Blood samples were taken 1–3 days following admission and prior to the day of surgery. Plasma D-dimer, Fbg, CRP, and ESR were tested among a series of preoperative lab draws. Pre-operative joint aspirations were taken when PJI was suspected. Results of physical examination, culture, and time of PJI symptomatic onset were recorded. All cases were followed up at three to six months post-operatively in outpatient clinic.

Statistical analyses were conducted with SPSS 25. Propensity score matching was conducted using STATA 14. The ROC curve was generated by Graphpad 8.0. Continuous variables were analyzed by unpaired t test and results were recorded as means and standard deviations. Dichotomous variables were analyzed by chi-square test and recorded as frequencies and ratios. A P-value less than 0.05 was considered statistically significant. The sensitivity, specificity, positive predictive value (PPV), and negative predictive value (NPV) of each biomarker were calculated and recorded with 95 % confidence intervals (95 % CI). Positive predictive value is the probability that a patient with a positive test result has the disease. Negative predictive value is the probability that a patient with a negative test result does not have the disease. The Youden index was used to determine the optimal threshold for D-dimer and Fbg. A receiver operating characteristics (ROC) curve was generated, and we used its corresponding area under the curve (AUC) and 95 % CI to determine the diagnostic value of each biomarker.

Results

The demographic characteristics of included cases are listed in Table 1. There was no statistical difference in terms of sex, age, BMI, and comorbidities between the two groups. There was a significantly higher proportion of TKA cases in the culture-positive group than in the culture-negative group. The levels of plasma D-dimer, Fbg, CRP, and ESR were significantly higher in the culture-positive group than in the culture-negative group (Table 1).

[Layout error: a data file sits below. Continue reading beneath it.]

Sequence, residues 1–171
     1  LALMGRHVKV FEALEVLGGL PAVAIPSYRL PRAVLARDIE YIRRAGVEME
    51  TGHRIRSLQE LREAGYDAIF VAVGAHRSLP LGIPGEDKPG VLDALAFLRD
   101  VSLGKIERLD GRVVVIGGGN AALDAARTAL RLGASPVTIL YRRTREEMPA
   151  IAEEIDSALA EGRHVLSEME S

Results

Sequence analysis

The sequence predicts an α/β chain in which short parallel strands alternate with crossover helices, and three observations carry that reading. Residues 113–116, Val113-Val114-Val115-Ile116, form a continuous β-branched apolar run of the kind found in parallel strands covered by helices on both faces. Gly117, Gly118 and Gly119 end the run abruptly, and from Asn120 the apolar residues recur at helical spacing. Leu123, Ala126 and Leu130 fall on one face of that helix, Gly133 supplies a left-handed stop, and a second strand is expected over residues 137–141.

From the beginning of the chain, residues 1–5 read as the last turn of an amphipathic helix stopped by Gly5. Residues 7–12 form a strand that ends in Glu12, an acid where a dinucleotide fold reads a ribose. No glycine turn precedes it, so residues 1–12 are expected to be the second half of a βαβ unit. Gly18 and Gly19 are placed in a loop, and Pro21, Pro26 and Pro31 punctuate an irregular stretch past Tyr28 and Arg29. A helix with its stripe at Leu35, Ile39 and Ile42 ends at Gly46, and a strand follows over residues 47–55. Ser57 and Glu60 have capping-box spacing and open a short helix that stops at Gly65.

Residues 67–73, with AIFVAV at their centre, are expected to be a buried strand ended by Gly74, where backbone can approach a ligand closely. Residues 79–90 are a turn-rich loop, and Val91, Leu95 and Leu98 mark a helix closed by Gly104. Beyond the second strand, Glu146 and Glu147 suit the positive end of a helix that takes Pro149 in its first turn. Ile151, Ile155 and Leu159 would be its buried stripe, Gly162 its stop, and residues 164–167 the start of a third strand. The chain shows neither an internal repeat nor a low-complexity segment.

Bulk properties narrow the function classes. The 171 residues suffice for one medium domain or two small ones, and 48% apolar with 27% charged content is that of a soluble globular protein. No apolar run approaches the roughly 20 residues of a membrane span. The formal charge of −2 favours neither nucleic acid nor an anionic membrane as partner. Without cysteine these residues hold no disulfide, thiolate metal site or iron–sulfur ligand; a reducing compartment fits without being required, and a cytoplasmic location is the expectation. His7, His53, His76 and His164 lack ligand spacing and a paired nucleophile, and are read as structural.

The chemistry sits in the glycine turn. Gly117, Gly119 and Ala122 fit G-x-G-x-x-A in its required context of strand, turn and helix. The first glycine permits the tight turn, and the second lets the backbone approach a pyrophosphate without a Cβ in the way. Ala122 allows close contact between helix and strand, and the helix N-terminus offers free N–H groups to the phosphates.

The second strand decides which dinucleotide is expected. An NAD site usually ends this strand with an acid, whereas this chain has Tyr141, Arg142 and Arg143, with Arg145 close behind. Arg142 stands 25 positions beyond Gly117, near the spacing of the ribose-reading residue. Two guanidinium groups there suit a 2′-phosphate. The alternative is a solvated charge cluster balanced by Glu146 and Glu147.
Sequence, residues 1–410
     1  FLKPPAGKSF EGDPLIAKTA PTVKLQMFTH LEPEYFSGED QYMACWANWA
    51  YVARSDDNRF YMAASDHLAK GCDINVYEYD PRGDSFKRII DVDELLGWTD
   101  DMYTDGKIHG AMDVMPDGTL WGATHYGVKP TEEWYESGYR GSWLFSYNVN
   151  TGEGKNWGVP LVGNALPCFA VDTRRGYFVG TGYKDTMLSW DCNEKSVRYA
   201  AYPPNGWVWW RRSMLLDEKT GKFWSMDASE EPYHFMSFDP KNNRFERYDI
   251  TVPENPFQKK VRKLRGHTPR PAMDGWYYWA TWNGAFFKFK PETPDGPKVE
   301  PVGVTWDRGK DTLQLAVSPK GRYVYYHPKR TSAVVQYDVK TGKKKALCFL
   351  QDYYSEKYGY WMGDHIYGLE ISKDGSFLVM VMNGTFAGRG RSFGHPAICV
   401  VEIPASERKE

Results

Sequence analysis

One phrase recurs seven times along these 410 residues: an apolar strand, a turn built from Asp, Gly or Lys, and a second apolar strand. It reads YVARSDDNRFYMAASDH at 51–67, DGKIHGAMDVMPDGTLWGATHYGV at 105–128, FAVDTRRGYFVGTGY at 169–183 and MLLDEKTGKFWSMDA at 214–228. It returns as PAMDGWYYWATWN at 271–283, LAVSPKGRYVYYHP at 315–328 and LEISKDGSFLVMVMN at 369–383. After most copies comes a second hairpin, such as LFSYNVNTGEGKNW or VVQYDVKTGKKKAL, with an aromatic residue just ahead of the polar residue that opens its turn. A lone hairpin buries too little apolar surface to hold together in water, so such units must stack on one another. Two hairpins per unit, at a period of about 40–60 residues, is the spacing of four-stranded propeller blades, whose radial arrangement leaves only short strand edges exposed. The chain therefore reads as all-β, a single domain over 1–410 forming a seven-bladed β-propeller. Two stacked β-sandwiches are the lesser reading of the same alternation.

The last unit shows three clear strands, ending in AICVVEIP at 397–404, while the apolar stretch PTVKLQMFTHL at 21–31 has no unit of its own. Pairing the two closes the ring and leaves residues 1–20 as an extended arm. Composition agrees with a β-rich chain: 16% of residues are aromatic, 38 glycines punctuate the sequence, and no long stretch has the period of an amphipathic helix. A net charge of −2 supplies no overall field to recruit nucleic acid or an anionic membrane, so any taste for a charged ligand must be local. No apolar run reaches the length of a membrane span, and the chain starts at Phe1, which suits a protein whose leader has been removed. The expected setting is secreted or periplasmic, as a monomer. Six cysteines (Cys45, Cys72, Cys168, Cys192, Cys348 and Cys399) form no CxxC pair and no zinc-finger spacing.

Table 1 Comparison of demographic characteristics and biomarkers between groups

The optimal threshold of D-dimer and Fbg was determined based on the Youden Index. The optimal thresholds were determined to be 2.72 mg/L for D-dimer and 3.655 g/L for Fbg. The ROC curve showed that CRP had the highest AUC (0.94), followed by Fbg (0.90), ESR (0.87), and D-dimer (0.) (Fig. 1). CRP and Fbg had the highest sensitivity of 0.92, followed by ESR (0.88). The sensitivity of D-dimer was 0.56. D-dimer showed the highest specificity (0.96), followed by CRP (0.94), Fbg (0.84), and ESR (0.80). The positive predictive value for CRP, Fbg, ESR, and D-dimer were 0.89, 0.75, 0.69, and 0.74, respectively. The negative predictive value for CRP, Fbg, ESR, and D-dimer were 0.96, 0.91, 0.93, and 0.95, respectively. The diagnostic performance of Fbg, D-dimer, CRP, and ESR is listed in Table 2.

Fig. 1
figure1

ROC Curve

Table 2 Diagnostic performance of each biomarker

Nine cases were defined as acute PJI (diagnosis within 3 months after primary implantation) and they were culture-positive. Sixteen cases were defined as chronic PJI. For acute PJI, the positive rates of Fbg, D-dimer, CRP, and ESR were 88.9 %, 66.7 %, 100 %, and 88.9 %, respectively. For chronic PJI, the positive rates of Fbg, D-dimer, CRP, and ESR were 93.8 %, 50 %, 87.5 %, and 87.5 %, respectively. Coagulase-negative Staphylococcus was identified in nine cases and coagulase-positive Staphylococcus was identified in four cases. The types of infection and the responsible pathogens are listed in Table 3.